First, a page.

May 16, 2021

Independence Day: The Birth of Our Nation

When the first battles in the Revolutionary War broke out in 1775, very few colonists wanted complete independence from England, and those who did were considered radical.

By the middle of the following year, however, many more colonists had come around to the idea of independence.

On June 7th,  Continental Congress met at the Pennsylvania State House in Philadelphia, and the Virginia delegate, Richard Henry Lee, introduced a motion calling for the colonies’ independence.

Congress postponed the vote on Mr. Lee’s motion and appointed 5 men to come up with a formal statement outlining the reasons to leave the mother country.

Those 5 men were John Adams, Benjamin Franklin, Thomas Jefferson, Roger Sherman, and Robert Livingston.

Here’s some fun facts – John Adams believed that July 2nd  was the correct date on which to celebrate the birth of American independence, and he would reportedly turn down invitations to appear at July 4th events in protest.

Additionally, John Adams and Thomas Jefferson both died on July 4, 1826—the 50th anniversary of the adoption of the Declaration of Independence.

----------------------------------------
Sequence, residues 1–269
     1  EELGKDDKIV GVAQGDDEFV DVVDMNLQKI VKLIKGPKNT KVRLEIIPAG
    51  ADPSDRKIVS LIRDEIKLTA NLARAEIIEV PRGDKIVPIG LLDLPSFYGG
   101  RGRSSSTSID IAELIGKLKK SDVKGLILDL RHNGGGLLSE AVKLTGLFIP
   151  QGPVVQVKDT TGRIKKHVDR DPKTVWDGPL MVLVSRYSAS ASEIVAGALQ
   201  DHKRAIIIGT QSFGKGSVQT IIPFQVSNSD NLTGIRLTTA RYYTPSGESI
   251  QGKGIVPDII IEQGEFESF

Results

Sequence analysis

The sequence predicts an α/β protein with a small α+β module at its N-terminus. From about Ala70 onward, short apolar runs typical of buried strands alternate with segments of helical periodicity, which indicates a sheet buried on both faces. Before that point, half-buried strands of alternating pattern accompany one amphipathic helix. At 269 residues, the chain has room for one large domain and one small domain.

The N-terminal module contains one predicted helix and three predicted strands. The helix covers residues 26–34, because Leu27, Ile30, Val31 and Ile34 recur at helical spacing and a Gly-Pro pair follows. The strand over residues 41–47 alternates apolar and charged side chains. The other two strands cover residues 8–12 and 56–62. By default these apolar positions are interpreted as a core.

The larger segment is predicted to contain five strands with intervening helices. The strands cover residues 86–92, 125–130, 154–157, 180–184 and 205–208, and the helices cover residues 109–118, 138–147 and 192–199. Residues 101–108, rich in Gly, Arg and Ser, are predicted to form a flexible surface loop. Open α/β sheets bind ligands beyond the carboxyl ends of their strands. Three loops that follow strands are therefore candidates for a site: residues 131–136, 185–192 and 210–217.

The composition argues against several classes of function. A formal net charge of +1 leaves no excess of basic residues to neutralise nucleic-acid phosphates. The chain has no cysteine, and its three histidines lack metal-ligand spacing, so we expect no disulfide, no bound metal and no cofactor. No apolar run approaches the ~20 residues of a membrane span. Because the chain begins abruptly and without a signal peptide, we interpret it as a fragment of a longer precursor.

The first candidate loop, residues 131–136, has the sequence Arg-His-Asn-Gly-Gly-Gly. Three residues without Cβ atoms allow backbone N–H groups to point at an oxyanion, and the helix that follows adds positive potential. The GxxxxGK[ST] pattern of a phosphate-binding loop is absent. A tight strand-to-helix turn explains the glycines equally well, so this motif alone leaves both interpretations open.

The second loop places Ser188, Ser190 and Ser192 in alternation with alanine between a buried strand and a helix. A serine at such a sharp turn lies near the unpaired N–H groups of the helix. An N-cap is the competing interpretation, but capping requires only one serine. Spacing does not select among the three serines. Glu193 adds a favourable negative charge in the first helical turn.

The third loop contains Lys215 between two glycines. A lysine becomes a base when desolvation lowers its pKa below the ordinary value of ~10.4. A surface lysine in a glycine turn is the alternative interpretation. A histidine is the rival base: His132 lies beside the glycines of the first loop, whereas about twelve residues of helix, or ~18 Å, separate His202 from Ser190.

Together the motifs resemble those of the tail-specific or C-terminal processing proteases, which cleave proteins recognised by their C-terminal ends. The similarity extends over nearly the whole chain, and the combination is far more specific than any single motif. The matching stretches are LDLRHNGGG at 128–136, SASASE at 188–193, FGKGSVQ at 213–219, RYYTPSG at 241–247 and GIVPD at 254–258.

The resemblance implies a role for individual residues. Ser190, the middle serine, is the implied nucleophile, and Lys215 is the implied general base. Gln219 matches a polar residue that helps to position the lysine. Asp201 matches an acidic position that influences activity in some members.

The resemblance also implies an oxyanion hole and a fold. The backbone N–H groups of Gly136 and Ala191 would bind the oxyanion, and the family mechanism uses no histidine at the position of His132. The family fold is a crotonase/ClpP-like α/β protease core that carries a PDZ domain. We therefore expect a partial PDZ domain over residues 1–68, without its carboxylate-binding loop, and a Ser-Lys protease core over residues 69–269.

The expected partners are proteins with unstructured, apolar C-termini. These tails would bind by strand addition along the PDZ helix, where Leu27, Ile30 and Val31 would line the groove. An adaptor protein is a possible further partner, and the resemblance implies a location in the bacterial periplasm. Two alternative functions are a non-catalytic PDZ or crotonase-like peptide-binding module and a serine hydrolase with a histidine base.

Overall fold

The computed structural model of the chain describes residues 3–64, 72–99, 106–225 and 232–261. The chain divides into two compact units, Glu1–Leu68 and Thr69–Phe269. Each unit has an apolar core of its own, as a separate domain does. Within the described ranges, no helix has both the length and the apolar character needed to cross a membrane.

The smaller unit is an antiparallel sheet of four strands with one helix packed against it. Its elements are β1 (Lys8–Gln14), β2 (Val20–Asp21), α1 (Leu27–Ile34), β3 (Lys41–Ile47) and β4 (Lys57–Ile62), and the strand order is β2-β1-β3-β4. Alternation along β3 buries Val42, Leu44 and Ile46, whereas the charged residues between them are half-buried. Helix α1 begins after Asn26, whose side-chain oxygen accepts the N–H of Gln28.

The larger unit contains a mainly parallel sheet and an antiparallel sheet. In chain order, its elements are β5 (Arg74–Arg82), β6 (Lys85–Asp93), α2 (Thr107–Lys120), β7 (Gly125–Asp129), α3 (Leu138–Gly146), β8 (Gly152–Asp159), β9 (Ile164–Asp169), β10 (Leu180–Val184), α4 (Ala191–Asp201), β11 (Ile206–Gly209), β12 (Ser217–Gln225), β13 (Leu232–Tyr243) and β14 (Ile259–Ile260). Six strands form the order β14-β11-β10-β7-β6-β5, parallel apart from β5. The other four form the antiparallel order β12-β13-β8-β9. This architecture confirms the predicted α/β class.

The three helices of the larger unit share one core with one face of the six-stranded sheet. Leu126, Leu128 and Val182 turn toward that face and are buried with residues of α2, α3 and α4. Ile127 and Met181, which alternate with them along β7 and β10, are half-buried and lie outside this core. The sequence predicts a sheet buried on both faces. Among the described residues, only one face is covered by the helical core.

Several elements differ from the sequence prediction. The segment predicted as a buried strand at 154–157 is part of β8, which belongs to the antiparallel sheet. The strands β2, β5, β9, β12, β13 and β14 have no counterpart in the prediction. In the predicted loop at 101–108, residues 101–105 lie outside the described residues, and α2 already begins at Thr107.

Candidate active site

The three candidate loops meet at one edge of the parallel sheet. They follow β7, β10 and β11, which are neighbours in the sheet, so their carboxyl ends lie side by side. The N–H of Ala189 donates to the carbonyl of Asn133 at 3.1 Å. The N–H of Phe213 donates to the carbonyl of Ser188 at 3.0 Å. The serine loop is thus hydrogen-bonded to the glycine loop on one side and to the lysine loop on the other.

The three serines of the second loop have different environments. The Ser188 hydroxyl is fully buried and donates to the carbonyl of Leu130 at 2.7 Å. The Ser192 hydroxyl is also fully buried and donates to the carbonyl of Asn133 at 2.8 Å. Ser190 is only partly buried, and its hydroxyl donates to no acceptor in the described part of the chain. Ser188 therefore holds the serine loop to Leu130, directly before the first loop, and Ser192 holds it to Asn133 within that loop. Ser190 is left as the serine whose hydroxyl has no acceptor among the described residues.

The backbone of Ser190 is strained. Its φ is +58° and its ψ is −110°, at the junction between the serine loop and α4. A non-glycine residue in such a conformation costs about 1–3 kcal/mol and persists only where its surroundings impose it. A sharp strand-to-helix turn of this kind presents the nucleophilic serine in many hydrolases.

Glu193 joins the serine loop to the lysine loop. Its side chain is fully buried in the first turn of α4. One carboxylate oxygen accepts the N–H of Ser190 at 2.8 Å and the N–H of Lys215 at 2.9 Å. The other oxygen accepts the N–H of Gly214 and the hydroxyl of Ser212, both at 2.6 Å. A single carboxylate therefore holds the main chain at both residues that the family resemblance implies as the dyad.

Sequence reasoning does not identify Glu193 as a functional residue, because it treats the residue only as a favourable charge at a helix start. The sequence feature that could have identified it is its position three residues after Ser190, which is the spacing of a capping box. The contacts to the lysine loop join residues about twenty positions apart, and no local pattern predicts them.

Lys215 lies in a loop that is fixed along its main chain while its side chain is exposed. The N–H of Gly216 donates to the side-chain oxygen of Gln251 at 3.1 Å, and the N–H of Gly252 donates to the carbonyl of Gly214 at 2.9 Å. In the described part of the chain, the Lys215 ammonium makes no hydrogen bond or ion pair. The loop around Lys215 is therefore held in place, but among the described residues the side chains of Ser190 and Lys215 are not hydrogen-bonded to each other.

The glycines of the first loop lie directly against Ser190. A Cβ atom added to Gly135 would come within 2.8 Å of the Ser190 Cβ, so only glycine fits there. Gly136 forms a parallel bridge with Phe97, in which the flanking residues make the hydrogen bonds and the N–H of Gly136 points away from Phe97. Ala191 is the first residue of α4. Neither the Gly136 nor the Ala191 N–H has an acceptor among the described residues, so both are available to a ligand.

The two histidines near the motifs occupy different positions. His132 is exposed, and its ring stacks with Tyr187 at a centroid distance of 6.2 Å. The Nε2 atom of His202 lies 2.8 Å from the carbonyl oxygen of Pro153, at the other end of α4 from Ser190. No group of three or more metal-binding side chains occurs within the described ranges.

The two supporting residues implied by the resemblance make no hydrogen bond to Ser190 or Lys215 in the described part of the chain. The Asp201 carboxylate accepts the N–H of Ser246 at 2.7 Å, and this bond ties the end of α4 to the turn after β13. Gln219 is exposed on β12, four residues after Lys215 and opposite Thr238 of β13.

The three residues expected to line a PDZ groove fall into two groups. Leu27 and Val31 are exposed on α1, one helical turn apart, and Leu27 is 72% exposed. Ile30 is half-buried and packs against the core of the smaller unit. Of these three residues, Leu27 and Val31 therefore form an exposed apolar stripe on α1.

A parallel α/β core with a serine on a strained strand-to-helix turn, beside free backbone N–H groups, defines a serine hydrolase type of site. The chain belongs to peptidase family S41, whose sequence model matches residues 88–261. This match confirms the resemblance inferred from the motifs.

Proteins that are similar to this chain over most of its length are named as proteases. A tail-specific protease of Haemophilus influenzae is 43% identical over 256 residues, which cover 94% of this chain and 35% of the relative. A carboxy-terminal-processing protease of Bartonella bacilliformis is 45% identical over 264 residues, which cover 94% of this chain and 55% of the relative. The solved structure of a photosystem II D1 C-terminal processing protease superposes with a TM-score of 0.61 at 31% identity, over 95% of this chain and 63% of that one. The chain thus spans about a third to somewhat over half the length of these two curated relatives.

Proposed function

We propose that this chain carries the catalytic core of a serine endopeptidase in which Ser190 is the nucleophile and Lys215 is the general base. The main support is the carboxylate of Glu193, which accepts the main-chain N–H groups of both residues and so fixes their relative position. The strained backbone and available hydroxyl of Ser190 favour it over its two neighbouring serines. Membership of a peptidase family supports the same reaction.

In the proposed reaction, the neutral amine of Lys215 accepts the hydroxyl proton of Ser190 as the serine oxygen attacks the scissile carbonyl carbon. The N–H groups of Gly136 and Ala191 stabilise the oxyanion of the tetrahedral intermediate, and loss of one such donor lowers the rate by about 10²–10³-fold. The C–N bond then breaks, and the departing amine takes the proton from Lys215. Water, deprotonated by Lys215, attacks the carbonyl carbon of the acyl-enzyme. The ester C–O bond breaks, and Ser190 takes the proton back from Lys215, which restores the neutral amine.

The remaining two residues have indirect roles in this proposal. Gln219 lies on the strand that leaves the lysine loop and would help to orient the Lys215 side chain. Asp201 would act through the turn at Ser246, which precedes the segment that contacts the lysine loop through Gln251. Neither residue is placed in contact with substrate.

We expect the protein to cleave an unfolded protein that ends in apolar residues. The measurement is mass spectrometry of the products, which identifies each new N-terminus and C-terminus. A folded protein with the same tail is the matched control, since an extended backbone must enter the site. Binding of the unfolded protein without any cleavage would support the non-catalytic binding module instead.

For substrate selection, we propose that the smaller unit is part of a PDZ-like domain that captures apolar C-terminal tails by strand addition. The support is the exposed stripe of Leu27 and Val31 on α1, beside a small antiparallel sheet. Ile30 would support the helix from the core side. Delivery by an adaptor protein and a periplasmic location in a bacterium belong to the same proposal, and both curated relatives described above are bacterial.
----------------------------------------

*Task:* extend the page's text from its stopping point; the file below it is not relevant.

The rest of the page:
On July 2nd, the Continental Congress voted in favor of the resolution for independence in a near-unanimous vote (New York held out).

On that day, John Adams wrote to his wife Abigail that July 2, “will be celebrated, by succeeding Generations, as the great anniversary Festival” and that the celebration should include “Pomp and Parade…Games, Sports, Guns, Bells, Bonfires and Illuminations from one End of this Continent to the other.”

On July 4th, the Continental Congress formally adopted the Declaration of Independence, which had been written largely by Thomas Jefferson.

Though the vote for actual independence took place on July 2nd, from then on the 4th became the day that was celebrated as the birth of American independence.

The 4th of July became a federal holiday in 1870 and remains an important national holiday and a symbol of patriotism.

On this Fourth of July, take a moment to reflect on the freedoms we have because of the sacrifices made all those years ago. In addition to being a service organization, the DAR is also a patriotic organization.

Our members are of direct lineal descent from patriots that played a role in our country’s independence. These local women can help you find your patriot ancestor.

Contact us today at and start your journey.

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